Saturday, April 28, 2012

What's Basbusa reading?

The Enormous Crocodile is more of a chapter book than a picture book in length and format, but be warned, it's not actually divided into chapters! So a "just one chapter" promise can get quite long :) Basbusa loved this one, and we've read it cover-to-cover four or five times. I adored Roald Dahl's books when I was little, but I had forgotten that although the plots are easy enough for a little child to understand, the language isn't. Plus, some of the topics that are fun-scary for an older kid would be much-too-real-scary for Basbusa! But I think The Enormous Crocodile is a great introduction to Dahl for little kids. It's about a very big, very mean crocodile with "secret plans and clever tricks" to catch six delicious, juicy little children for his lunch. That might not sound like appropriate content for a three-year-old, but actually the characters are so clearly caricatures that it's funny rather than scary - even Basbusa knows that he's not really going to gollop anyone up at one gulp. There's also quite a bit of name-calling, which I usually avoid; but since the Enormous Crocodile really is planning to eat up yummy little children, I didn't mind reading aloud, "Oh, you horrid greedy grumptious brute!"

I chose The Littlest Wolf because the author, Larry Brimmer, had written some Easy Readers we enjoyed. An unusual way to arrive at a good picture book, I know, but I'm glad we found this one. It's the story of a little wolf, the youngest of his siblings, who is feeling discouraged because he can't roll, run or pounce as well as they can. His father comforts him, and he ends up cheerful again. It's not much of a plot in terms of excitement, but the little wolf's emotions are very true to life, and his father's reassurances soothe him without minimizing his feelings. "'It is true that Ana runs like the wind, and you run like a soft breeze,' he said. 'That is just as it should be. ...  Running like the wind comes later.'" Basbusa seems to really like that message - I've heard her use it herself once or twice when there's something she can't do. Two other things I liked about this story is that it's the Daddy doing the comforting rather than the Mama, which makes a nice change, and that the author uses very pretty language. "It was a perfect summer morning. Big Gray was watching his pups frolic in a poppy-dappled meadow. But not all of them frolicked. One pup, the littlest, peeked out at the others from behind the trunk of a great, gnarled oak." I was a bit disappointed in the illustrations, though - I thought they didn't live up to the pretty descriptions.

Zuzu's Wishing Cake is the story of a little girl who wants to make friends with the little boy who has just moved in next door. In the end she does, and they end up sitting happily side by side and sharing the wishing cake. What makes this book unusually appealing is the very sweet young-child logic that Zuzu uses in trying to get to know him. He's not coming out to play? Hmm. Maybe he can't see what a nice day it is! He must need a telescope. Well, that's no problem; she can make him one! Which she cheerfully does, having unrolled all the paper towels to get at the cardboard tube. Basbusa is still very interested in the nuances of the making-friends process, so the plot was a hit with her, and she also liked that Zuzu narrates her thoughts to the reader with speech bubbles. I liked Zuzu's self-confidence, and how she makes things, paints things, cuts things and glues things just as a routine part of her play, rather than as specially-designed "craft project." I also liked that Zuzu, as shown on the cover here, is not particularly "cute," as illustrated preschoolers go. You don't often see children in books who just look like average kids.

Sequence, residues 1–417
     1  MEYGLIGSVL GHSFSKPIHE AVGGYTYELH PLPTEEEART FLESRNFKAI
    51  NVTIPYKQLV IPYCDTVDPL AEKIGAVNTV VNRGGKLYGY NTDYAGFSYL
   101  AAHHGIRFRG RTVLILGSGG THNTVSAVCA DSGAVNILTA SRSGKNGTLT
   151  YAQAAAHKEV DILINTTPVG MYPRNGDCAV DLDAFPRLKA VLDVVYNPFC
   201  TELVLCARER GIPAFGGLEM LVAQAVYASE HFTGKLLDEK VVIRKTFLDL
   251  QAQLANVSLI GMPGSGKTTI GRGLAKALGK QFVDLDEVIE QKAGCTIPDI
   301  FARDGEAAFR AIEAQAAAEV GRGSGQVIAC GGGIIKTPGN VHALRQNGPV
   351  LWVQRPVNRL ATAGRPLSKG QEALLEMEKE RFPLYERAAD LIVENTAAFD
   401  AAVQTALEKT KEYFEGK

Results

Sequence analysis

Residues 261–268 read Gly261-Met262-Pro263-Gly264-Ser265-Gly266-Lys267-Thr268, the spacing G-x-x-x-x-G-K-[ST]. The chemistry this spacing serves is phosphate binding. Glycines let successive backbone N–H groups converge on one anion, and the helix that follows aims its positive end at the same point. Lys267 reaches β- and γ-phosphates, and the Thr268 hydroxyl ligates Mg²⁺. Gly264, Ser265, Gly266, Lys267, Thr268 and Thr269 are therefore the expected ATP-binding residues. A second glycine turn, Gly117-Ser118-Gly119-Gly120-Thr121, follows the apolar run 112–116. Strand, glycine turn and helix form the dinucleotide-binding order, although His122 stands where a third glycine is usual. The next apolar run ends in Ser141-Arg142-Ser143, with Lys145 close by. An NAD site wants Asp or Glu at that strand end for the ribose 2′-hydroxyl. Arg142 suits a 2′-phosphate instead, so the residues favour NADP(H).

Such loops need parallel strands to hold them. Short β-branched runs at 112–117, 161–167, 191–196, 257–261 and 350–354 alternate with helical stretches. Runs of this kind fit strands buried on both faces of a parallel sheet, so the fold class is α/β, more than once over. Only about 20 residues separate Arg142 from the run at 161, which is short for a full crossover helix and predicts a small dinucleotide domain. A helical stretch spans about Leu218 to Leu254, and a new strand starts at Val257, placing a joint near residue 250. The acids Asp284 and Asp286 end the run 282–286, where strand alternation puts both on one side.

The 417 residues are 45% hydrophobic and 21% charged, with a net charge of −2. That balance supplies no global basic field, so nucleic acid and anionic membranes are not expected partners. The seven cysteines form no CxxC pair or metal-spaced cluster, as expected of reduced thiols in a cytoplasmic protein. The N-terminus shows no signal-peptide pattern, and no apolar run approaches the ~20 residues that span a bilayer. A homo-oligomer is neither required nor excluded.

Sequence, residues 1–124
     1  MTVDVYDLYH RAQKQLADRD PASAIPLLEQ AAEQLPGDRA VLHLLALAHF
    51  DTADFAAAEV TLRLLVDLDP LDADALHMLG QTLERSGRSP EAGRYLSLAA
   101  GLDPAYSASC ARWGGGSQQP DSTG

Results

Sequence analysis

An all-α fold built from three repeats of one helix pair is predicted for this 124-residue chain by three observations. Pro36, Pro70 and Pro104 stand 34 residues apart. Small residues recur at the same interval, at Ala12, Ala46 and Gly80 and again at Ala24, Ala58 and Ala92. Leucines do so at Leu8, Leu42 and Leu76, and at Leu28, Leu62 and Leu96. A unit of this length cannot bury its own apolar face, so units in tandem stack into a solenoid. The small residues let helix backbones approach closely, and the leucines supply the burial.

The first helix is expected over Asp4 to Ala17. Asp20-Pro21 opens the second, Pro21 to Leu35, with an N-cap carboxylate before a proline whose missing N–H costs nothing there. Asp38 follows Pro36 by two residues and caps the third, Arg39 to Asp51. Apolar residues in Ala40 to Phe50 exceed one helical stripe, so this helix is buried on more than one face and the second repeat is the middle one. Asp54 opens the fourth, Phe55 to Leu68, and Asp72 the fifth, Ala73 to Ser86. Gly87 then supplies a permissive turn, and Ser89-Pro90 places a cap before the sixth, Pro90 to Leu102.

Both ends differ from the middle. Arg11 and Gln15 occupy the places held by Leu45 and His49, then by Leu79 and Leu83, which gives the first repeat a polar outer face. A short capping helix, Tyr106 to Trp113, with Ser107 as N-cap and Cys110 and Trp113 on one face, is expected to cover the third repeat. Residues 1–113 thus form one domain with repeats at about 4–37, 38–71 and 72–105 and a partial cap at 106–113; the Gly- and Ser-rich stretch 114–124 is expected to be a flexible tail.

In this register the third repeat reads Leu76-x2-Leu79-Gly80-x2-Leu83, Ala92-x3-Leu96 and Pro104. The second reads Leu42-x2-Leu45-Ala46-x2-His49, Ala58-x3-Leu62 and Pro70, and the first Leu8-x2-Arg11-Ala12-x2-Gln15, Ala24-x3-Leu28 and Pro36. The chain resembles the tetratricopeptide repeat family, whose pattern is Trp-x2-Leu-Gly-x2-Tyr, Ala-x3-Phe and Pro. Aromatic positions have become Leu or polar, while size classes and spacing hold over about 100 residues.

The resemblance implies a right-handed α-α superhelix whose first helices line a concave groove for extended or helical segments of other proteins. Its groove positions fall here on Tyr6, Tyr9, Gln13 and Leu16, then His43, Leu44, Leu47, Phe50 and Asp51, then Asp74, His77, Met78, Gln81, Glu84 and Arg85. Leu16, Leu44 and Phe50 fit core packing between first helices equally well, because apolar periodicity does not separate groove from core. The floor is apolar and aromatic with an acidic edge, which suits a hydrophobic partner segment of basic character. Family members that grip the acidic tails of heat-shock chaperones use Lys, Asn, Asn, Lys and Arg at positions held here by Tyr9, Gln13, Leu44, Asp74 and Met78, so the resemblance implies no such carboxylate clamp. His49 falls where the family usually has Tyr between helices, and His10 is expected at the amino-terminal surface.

And finally, like last week, I wanted to mention another set of Early Readers that we have enjoyed. The Rookie Readers series seems to come in three levels (A, B and C), and so far Basbusa has enjoyed almost all of them. I don't present them as part of a "reading lesson" or anything like that - I just leave them in a pile with all her other books, and she chooses whatever catches her interest. She has always loved books that are little, though, regardless of the content - her favorite book at moment is a pocket dictionary - so these do at least have that much going for them, right off the bat :) The Level B books (such as Bubble Trouble, shown at right, which is her favorite to date) are just perfect for her reading level. She can read these without any assistance, and although the story-lines are necessarily somewhat curtailed by the limited vocabulary, the excitement of independence more than makes up for it! And even in my own opinion, the plots in the Rookie Reader books are ok. Not amazing, but by the standards of Early Readers, not bad. Pretty good, even. Other books she keeps returning to from this series are All Wrapped Up, Carousel Ride, Lightning Liz, Quite Enough Hot Dogs, and Sara Joins the Circus.

Linking up with What My Child is Reading and Read-Aloud Thursday.


  1. You've inspired me to add a bit of Dahl to our repertoire. :-)

    That second book--the wolf one--sounds wonderful! I love the quote you shared--so full of alliteration!

    My youngest daughter is really enjoying the Minnie and Moo (I Can Read series) books right now. It's so much fun when they discover reading on their own, isn't it?

  2. I loved the stage of reading discovery and its progress. We only read Charlie and the Chocolate Factory by Dahl so far, and Anna quite enjoyed it. I really need to choose a book with short chapters though for my next read aloud :) Thanks for joining WMCIR!